In This Article Eskimo-Aleut

  • Introduction
  • Reference Works
  • Edited Collections
  • Bibliographies
  • Journals
  • Connections
  • Yupik
  • Alutiiq
  • Naukanski
  • Central Siberian Yupik
  • Sirenikski
  • Inuit
  • Alaskan Iñupiaq
  • Western Canadian Inuktun

Linguistics Eskimo-Aleut
by
Anna Berge
  • LAST REVIEWED: 18 April 2017
  • LAST MODIFIED: 28 October 2011
  • DOI: 10.1093/obo/9780199772810-0065

Introduction

The Eskimo-Aleut language family is spoken from the Chukotka Peninsula in the Russian Far East, across subarctic and Arctic regions of Alaska and Canada, to Greenland in the east. It includes two major branches, Aleut and Eskimo. Aleut is a single language with three historically attested dialects, and it is also the source of a mixed and now obsolescent language, Copper Island Aleut. Eskimo consists of at least two subgroups, Yupik and Inuit; the recently extinct language Sirenikski may have formed a third branch, or it may have been a strongly divergent Yupik language. The Yupik languages include Central Alaskan Yup’ik, Alutiiq, Central Siberian Yupik, and Naukanski. The Inuit branch is considered a single language with multiple dialects and subdialects; major dialect groups include Alaskan Iñupiaq, Western Canadian Inuit, Eastern Canadian Inuit, and Greenlandic. The languages have been documented in varying degrees since the 17th century, and the language family was identified as early as the early 19th century by Rasmus Rask, although analyses of the actual relationships among the languages and between Eskimo-Aleut and other language families continued throughout the 20th century. Both the level and the concentration of documentation, description, and theoretical analyses differ from language to language. For example, the number of speakers, the number of researchers working on the languages, and the extended period of descriptive work have all contributed to the vast body of work on Greenlandic and Eastern Canadian Inuit as opposed to the scarcity of work on Western Canadian Inuit, Iñupiaq, and the Siberian Yupik languages. The citations in this article are organized by language or language group (in the case of Yupik) and thereunder by major dialect. Citations were chosen for their historical importance when these continue to be useful sources for the study of the language as well as for their representation of a particular field of linguistic study (phonology, morphology, syntax, semantics, discourse, and so forth). Unless other sources do not exist, pedagogical materials have not been included, since they are well represented in almost all languages. Where enough materials exist to warrant subgrouping the citations, descriptive works, including grammars, dictionaries, and generally atheoretical works, are presented first, followed by a section on the more theoretical aspects of the study of a language.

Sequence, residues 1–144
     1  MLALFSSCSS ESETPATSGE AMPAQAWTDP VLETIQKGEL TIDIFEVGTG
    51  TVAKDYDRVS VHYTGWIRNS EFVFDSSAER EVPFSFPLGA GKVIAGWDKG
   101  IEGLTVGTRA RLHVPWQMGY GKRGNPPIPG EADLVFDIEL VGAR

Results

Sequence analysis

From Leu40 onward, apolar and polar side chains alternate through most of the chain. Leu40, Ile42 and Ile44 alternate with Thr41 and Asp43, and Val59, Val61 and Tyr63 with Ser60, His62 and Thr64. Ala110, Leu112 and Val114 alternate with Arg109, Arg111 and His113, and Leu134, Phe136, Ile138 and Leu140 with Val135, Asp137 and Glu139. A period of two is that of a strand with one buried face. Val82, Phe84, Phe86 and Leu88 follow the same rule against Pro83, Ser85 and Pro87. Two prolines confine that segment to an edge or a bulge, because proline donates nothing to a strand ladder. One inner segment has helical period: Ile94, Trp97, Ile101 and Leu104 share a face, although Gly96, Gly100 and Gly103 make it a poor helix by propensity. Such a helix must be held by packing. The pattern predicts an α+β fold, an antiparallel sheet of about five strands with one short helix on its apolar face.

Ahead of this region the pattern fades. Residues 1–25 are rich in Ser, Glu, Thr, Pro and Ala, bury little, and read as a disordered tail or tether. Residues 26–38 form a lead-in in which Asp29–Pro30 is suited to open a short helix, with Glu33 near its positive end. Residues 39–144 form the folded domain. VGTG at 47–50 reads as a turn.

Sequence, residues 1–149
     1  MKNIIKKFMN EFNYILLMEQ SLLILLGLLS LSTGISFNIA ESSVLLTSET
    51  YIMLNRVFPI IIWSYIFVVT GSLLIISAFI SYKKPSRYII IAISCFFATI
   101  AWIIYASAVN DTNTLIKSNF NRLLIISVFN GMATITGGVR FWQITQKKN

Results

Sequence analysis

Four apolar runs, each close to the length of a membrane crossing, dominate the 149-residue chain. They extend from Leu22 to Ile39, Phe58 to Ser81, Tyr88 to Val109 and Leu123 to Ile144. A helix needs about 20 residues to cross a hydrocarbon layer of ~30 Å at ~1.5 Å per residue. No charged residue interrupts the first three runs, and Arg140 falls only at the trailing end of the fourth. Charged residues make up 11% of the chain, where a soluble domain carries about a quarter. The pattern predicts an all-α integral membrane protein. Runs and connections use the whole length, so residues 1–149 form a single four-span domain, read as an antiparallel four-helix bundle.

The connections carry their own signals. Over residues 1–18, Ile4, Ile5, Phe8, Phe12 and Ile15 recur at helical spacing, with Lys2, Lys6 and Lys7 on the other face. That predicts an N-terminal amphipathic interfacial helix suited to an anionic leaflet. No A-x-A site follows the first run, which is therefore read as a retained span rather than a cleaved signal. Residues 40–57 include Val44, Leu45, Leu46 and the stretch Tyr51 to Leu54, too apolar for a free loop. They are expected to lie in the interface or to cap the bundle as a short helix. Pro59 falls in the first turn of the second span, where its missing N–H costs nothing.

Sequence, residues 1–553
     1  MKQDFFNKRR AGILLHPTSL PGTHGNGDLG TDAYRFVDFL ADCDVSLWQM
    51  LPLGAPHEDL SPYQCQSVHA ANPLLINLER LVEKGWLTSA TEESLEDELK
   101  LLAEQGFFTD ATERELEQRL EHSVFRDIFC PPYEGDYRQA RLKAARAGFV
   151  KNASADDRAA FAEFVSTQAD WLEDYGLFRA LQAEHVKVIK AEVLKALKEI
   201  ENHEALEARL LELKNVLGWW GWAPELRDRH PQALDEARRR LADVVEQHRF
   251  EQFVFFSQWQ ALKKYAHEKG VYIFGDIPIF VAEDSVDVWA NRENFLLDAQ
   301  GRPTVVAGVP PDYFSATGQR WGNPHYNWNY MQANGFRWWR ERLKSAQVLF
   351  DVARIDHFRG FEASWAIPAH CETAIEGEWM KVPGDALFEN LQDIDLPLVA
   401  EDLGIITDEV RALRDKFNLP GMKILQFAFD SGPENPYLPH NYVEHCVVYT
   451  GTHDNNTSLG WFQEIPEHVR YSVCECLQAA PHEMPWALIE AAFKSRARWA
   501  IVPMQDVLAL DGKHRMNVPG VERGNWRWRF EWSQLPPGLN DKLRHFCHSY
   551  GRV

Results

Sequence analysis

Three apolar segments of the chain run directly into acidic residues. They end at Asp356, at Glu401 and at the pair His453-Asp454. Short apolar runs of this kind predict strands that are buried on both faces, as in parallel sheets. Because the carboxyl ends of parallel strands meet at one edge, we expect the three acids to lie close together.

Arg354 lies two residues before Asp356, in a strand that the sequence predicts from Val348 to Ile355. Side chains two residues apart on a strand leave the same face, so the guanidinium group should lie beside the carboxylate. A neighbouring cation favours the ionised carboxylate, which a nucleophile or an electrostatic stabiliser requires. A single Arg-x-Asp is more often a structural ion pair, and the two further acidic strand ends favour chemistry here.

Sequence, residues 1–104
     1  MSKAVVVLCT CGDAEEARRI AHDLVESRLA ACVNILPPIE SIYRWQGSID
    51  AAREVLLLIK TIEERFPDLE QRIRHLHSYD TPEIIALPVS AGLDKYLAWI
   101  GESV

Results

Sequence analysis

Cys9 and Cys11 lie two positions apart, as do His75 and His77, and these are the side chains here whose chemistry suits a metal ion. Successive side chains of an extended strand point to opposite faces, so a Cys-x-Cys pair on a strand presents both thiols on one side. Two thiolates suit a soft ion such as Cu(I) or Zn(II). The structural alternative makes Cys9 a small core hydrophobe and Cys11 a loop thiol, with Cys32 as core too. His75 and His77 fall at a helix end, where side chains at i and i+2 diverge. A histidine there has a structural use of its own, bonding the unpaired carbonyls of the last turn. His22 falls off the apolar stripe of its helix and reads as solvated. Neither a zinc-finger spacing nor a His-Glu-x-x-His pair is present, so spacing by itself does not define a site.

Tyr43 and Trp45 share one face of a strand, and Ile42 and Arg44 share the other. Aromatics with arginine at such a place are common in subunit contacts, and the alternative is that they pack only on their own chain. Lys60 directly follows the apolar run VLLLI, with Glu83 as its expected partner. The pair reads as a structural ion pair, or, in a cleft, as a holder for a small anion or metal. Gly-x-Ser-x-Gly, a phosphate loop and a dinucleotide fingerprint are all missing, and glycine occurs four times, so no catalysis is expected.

Reference Works

Encyclopedias of languages generally include information on at least one of the Eskimo-Aleut languages if not on the language family itself. Brown 2006 is one of the more complete sources in this respect; Nuttall 2005 contains entries on other aspects of the study of the languages, including the people and contexts important in the efforts to document the languages. Damas 1984 is a comprehensive work on the history, prehistory, ethnology, and culture of the Eskimo-Aleut peoples and includes an overview of the Eskimo-Aleut languages. Goddard 1986 includes a sketch of Central Alaskan Yupik and places the Eskimo-Aleut languages in the greater context of the languages of North America. Krauss 1995 is a map of the Eskimo-Aleut area and Sontag 2006 of the Canadian Inuit area with statistical information on language use in the communities.

  • Brown, Keith, ed. 2006. Encyclopedia of language and linguistics. 2d ed. Boston: Elsevier.

    E-mail Citation »

    A broad reference work with articles on Eskimo-Aleut, Central Siberian Yupik, Iñupiaq, and West Greenlandic.

  • Damas, David, ed. 1984. Handbook of North American Indians. Vol. 5, Arctic. Washington, DC: Smithsonian Institution.

    E-mail Citation »

    Part of a seventeen-volume series, this volume includes historical, ethnographic, and linguistic information on peoples of the Arctic, including a chapter on Eskimo-Aleut languages by Anthony Woodbury.

  • Goddard, Ives, ed. 1986. Handbook of North American Indians. Vol. 17, Languages. Washington, DC: Smithsonian Institution.

    E-mail Citation »

    Part of a seventeen-volume series, this volume includes a chapter on the classification of the languages of North America, including Eskimo-Aleut, by Ives Goddard, and a grammatical sketch of Central Alaskan Yupik by Osahito Miyaoka.

  • Krauss, Michael E. 1995. Inuit nunait/Nunangit yuget (map of the Inuit-Yupik-Aleut world). Fairbanks: Alaska Native Language Center.

    E-mail Citation »

    Language map of the Eskimo-Aleut region with tables of community names, population, and estimated speaker population as of 1995.

  • Nuttall, Mark, ed. 2005. Encyclopedia of the Arctic. 3 vols. New York: Routledge.

    E-mail Citation »

    A broad reference work with many articles pertaining to the languages, including alphabets and writing, of North America, Greenland, and Russia; Eskimo-Aleut languages; and languages of the Arctic and various entries on people who have made important contributions to the documentation and description of these languages.

  • Sontag, Natascha. 2006. Map of the Inuit language in Inuit communities in Canada. Fairbanks: Univ. of Alaska.

    E-mail Citation »

    Map of the major Canadian Inuit dialects and subdialects; includes population and speaker statistics, community and dialect names in English and in Inuktitut in both roman and syllabic writing systems, and migration and settlement information.

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